Tuesday, July 5, 2011

Iron Man Arc Reactor build.

I wanted to do something a little different for my next project and with my friend starting his Iron Man helmet, I wanted to make an Arc Reactor. I used 2 main references and kinda went with my own design, so It's not screen accurate. I checked out an "instructable" by Honus, and a build by ThrowingChicken on his website for some tips.  I printed out a picture from TC's website as a blueprint to start, and cut a ring 1" deep from 4" pvc pipe for the outer bezel.

I then cut out 2 rings from Sintra for the inner ring the same size as the one in the blueprint

Next it was time to cut out an acrylic ring for the light lens/diffuser. I started with a 3\8 inch (aprox) thick of acrylic and traced the outer and inner lines on both sides with a sharpie. I then cut out the center section with my rotary tool. The cut was kinda gnarly so I needed some serious sanding to get it round and smooth.

I wrapped some medium grit sandpaper around a tube around the same diameter as the hole, this trick make a perfectly round hole that looked like is was done on a bandsaw by someone who knew what they were doing !

and again for the outer cut

I scuffed the acrylic ring with some fine steel wool to hopefully diffuse the light some.. I made a template to use so I could make sure the copper wrap would be evenly spaced

I cut some little squares out of Sintra to put between the copper wrap and the clear ring to simulate the tops of the transformers, then I took some light guage power wire left over from car audio installations and cut them into about 2 foot lengths. I layed the wire flat and carefully using my hobby knife, sliced off a strip of the casing lengthwise and pulled the bare wire out. I wrapped the wire tight around the Sintra square and clear ring and trimmed the end of the wire to be on the bottom of the ring, then superglued it in place.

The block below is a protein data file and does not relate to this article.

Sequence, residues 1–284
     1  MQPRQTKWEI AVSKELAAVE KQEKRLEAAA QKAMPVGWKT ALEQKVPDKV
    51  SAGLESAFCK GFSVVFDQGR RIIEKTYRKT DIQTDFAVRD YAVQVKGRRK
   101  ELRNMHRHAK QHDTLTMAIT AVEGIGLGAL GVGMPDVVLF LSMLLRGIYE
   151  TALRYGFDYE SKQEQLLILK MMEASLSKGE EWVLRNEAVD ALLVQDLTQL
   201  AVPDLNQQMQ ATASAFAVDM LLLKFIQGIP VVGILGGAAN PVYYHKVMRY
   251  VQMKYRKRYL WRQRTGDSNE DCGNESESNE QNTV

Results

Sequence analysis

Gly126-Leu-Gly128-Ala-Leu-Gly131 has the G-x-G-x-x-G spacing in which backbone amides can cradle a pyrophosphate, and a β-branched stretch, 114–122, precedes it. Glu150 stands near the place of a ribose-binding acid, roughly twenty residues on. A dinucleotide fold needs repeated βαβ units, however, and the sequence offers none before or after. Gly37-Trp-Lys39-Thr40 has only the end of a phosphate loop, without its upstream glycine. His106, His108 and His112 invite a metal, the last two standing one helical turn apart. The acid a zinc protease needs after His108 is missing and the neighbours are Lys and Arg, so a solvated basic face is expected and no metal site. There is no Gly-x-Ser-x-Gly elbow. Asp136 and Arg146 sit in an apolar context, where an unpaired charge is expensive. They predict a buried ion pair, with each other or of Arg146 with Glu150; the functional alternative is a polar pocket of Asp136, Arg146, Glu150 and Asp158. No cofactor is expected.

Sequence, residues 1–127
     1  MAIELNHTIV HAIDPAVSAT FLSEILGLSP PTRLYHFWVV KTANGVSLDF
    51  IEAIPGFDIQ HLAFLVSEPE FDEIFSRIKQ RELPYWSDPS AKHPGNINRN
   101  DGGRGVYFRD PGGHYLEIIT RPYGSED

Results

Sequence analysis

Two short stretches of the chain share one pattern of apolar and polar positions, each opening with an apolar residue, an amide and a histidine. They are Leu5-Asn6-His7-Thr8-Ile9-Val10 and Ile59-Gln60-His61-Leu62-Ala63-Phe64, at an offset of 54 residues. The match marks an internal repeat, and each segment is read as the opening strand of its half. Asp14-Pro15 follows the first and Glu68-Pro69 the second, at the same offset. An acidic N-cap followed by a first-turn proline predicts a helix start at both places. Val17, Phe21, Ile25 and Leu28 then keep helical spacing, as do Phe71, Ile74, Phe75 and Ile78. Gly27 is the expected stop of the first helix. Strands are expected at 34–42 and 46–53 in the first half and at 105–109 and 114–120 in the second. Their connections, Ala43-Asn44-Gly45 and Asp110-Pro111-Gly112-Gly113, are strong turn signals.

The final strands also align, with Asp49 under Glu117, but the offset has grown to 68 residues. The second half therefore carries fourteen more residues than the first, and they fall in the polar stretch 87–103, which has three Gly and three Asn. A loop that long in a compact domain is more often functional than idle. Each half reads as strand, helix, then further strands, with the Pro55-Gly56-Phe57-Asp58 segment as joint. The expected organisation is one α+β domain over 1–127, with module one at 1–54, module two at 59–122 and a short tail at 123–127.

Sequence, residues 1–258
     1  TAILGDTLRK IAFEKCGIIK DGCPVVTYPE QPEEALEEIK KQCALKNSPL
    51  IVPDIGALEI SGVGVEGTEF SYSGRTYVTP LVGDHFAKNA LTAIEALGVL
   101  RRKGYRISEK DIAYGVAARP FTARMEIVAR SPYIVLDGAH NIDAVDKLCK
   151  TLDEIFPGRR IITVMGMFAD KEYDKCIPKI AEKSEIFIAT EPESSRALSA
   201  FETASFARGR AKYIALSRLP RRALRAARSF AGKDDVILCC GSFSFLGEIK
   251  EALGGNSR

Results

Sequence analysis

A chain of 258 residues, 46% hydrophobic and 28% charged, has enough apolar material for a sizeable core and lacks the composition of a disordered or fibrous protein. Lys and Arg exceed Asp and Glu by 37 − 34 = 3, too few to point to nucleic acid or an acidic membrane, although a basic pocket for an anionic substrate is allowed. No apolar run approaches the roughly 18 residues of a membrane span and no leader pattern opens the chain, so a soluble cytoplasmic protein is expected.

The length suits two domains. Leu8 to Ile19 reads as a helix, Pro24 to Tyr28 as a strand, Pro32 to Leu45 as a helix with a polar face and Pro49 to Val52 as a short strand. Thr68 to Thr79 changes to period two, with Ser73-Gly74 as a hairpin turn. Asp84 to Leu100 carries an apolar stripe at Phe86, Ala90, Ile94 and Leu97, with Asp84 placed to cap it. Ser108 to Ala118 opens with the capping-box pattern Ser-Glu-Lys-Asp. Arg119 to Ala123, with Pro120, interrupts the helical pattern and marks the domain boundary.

Based on a tip from a youtube video, I checked out the cheesy car accessory aisle at Autozone and found a package of blue LED lights that came with a little 12 volt battery box and switch so people could try the lights out in the package. I thought this was perfect and saved me alot of time and headache soldering led's and trying to wire my own contraption.

The Arc reactors similar to mine on screen had 10 lights around the outer ring and 1 in the middle. The lights I bought only had 10 led's total so I cheated and put 9 on the outer ring and 1 in the middle, it turned out good for the spacing in the final product. I mounted them to another thinner acrylic ring the same diameter as the main ring, which fit nicely on top.